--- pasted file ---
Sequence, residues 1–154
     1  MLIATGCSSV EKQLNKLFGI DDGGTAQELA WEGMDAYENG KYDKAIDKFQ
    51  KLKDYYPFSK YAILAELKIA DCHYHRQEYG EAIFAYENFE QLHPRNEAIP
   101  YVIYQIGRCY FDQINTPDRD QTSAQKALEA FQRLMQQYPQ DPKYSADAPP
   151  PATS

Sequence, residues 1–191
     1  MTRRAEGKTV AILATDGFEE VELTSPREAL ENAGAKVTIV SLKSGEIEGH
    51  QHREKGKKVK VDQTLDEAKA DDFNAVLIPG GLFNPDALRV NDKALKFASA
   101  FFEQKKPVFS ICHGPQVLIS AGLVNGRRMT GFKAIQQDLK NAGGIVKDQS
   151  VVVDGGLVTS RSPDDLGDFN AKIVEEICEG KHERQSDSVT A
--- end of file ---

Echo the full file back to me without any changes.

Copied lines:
Sequence, residues 1–154
     1  MLIATGCSSV EKQLNKLFGI DDGGTAQELA WEGMDAYENG KYDKAIDKFQ
    51  KLKDYYPFSK YAILAELKIA DCHYHRQEYG EAIFAYENFE QLHPRNEAIP
   101  YVIYQIGRCY FDQINTPDRD QTSAQKALEA FQRLMQQYPQ DPKYSADAPP
   151  PATS

Sequence, residues 1–191
     1  MTRRAEGKTV AILATDGFEE VELTSPREAL ENAGAKVTIV SLKSGEIEGH
    51  QHREKGKKVK VDQTLDEAKA DDFNAVLIPG GLFNPDALRV NDKALKFASA
   101  FFEQKKPVFS ICHGPQVLIS AGLVNGRRMT GFKAIQQDLK NAGGIVKDQS
   151  VVVDGGLVTS RSPDDLGDFN AKIVEEICEG KHERQSDSVT A